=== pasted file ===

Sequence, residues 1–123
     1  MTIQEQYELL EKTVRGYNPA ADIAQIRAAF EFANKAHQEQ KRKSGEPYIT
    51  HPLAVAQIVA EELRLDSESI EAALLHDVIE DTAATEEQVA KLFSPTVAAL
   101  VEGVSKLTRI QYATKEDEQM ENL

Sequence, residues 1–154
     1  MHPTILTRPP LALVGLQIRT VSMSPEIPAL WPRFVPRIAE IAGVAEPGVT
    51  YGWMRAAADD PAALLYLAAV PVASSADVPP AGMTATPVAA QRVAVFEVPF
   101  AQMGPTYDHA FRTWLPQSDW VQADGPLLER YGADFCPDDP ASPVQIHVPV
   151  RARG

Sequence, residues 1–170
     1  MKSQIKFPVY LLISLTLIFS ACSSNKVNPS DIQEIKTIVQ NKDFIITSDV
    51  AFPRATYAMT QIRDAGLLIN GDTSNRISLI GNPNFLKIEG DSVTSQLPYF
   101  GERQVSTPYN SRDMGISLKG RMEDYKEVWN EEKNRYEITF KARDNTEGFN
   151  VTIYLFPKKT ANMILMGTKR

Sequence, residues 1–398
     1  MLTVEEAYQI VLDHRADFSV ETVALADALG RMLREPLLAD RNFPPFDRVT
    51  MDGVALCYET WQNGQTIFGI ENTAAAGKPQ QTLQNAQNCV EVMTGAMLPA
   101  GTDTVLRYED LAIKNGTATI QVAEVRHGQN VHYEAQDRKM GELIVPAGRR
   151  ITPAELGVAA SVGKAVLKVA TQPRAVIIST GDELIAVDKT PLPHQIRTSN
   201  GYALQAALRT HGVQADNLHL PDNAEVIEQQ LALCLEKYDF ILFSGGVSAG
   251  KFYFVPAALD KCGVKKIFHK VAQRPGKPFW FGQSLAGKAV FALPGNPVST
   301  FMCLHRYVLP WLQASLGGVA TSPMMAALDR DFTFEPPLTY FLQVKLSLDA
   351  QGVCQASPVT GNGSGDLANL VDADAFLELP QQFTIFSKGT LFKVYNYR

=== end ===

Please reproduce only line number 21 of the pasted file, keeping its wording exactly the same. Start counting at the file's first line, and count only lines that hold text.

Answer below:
   251  KFYFVPAALD KCGVKKIFHK VAQRPGKPFW FGQSLAGKAV FALPGNPVST